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LED Lighting Changing the Auto Industry (Backup)


LED lights are being rapidly developed and changing the automotive industry.  This new lighting system will not only create an individual look for each make and model, but will be smaller, run cooler, and use less energy.  Advanced LED technology will make driving at night safer but it may take time before the United States changes its strict regulations on automotive lighting. 

LED Makes Driving Safer


LED headlights can emit light at 5,500 Kelvin.  Kelvin (K) is a unit of measurement used to describe the color of light output. The higher the Kelvin value, the closer the light’s color is to actual sunlight.  LED headlights emitting 5,500 K would be similar to driving in daylight.  Not only will this make the road more visible for the driver, but it will also create less eye strain.  Drivers will be able to see more and react sooner. LED taillights also turn on faster and are brighter, giving tailing drivers more time to see brake lights and react. 

Advances Made in Europe



LEDs have the ability to be packaged in many different designs because they are much smaller than standard automotive lighting systems.  New designs can be seen in the BMW’s four-circle design headlights or Cadillac Escalade’s vertical red strip of taillights.  

In G.M.’s European division, Opel has taken advantage of LED technology and has created Adaptive Forward Lighting Plus (AFL Plus).  AFL Plus combines LED lights and a camera to determine the road conditions and will adjust to ensure safer night driving.  The AFL Plus can produce nine variations of beam patterns by using a rotating drum inside a xenon headlamp.  Their newest version of AFL Plus will be able to produce 256 beam patterns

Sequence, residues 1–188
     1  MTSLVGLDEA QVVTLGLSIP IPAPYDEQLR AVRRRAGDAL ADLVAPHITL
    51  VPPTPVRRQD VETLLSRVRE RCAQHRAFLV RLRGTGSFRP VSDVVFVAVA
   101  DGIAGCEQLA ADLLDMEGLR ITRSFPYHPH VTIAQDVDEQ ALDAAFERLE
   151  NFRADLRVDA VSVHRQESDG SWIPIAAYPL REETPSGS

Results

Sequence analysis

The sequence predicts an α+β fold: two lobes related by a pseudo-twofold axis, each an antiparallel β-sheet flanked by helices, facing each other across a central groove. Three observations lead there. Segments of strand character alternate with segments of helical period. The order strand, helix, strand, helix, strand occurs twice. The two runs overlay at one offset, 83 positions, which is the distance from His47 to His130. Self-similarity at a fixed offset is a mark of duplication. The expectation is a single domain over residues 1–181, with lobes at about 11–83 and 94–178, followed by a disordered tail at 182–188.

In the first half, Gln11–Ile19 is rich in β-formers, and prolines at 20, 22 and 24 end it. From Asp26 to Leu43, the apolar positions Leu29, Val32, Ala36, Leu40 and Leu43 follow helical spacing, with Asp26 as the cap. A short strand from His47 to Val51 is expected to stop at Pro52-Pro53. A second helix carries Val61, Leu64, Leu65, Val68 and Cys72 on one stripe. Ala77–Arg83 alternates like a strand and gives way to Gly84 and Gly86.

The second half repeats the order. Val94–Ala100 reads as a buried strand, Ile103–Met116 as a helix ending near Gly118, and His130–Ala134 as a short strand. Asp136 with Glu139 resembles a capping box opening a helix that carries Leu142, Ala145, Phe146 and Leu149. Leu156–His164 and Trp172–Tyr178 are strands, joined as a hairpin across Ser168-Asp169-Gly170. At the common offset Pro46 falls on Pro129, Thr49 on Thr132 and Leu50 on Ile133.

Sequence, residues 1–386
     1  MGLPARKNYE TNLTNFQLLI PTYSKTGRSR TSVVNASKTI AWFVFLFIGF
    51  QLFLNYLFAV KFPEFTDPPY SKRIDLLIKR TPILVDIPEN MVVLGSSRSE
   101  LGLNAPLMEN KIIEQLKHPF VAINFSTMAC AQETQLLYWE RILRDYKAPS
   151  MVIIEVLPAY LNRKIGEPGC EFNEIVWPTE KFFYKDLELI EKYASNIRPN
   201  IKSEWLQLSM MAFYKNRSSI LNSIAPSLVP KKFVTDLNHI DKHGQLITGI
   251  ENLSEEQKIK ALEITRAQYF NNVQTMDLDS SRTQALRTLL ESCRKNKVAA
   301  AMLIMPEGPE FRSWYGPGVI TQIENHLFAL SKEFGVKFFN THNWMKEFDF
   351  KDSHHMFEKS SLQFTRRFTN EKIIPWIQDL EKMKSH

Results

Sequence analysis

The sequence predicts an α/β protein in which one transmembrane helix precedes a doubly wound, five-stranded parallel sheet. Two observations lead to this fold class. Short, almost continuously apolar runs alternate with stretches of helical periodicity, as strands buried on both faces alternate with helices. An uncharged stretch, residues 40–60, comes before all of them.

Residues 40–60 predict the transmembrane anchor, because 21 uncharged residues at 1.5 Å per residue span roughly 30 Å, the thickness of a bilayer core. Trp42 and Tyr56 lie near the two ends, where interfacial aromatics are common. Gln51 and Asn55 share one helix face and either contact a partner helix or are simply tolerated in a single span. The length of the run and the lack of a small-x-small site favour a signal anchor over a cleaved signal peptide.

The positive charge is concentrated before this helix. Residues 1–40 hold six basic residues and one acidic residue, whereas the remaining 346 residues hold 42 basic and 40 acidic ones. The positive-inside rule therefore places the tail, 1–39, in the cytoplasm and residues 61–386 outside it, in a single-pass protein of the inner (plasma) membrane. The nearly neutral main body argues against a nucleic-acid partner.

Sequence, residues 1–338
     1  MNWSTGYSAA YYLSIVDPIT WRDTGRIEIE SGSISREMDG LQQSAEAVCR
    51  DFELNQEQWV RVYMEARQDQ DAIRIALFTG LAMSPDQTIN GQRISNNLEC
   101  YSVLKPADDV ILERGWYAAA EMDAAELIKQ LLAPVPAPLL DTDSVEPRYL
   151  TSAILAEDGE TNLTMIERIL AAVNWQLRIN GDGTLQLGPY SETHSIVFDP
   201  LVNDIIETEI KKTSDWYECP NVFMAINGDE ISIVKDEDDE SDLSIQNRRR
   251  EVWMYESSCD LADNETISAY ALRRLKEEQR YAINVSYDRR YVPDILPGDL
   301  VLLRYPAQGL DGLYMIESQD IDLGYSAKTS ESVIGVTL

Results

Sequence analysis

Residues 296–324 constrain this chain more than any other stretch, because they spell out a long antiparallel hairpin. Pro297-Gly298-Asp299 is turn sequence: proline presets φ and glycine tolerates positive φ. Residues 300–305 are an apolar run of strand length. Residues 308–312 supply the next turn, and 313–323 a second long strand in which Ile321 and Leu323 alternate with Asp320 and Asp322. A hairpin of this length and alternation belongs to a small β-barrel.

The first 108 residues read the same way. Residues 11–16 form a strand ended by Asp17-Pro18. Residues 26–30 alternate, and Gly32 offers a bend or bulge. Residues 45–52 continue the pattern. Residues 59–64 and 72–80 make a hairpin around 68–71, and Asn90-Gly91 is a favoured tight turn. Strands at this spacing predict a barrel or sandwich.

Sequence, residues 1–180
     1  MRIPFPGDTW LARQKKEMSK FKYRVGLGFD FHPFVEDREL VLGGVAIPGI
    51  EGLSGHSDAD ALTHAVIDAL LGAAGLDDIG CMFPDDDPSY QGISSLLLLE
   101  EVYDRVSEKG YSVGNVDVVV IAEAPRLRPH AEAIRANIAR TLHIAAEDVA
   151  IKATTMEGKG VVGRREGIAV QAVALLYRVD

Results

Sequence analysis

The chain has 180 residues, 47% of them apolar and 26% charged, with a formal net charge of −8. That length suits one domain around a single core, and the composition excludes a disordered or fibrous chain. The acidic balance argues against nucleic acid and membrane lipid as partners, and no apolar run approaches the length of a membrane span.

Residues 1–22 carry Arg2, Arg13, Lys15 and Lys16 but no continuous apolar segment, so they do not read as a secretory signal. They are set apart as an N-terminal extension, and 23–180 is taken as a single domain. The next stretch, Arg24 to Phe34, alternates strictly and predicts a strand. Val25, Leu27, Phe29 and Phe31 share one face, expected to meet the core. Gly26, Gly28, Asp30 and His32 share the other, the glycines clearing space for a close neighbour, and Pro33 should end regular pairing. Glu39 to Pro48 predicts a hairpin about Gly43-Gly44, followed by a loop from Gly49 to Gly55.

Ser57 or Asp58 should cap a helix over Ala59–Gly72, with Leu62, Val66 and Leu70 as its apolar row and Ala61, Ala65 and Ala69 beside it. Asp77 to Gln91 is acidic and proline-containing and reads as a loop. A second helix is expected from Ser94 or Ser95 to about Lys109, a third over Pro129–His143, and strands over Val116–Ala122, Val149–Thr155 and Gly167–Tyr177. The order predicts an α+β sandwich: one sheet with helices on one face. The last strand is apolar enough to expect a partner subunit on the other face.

Audi is also innovating LED technology with their laser high beam.  This lighting system allows drivers to leave high beams on when traveling around other vehicles.  The system adjusts and does not shine on other traveling vehicles. 

Vision for the Future

Opel is developing a system that will track the driver’s eye movement with a camera inside the vehicle and adjust the headlights accordingly.  However, exterior cameras and algorithms will have to ensure that the headlights do not change when the driver looks at something inside the car or a billboard.

Audi hopes to design headlights that will project patterns on the road.  These projected images could light the pathway for a pedestrian crossing the street or give the driver guidelines through construction zones or other constricted roads. 

Organic light emitting diode (OLED) technology is still in the early developmental stages with low light output and high cost but the idea is promising.  Manufactured in thin sheets, OLED lights can be placed anywhere on the car’s body.  Imagine the entire right side of the vehicle illuminating as a turn signal instead of a single light.  Space used for current automotive lights can be freed up for other uses or could allow a different design of the vehicle. 

Slow to Change

The models that utilize LED lights overseas are fitted with standard headlights when sold in the United States.  This is because the US has strict regulations on the patterns and shapes of headlights.  Currently, lights are allowed to rotate when turning a corner, but the pattern of the light beam is not allowed to change shape. However, American manufacturers like Chrysler are interested in creating systems similar to the adaptive driving beam. 

The Society of Automotive Engineers is developing a set of standards to present to the National Highway Safety Administration to encourage a rule change.  However, a change in regulation could take years.  Once approved, it would be a while before seeing cars with advanced LED technology on the road like in Europe. 

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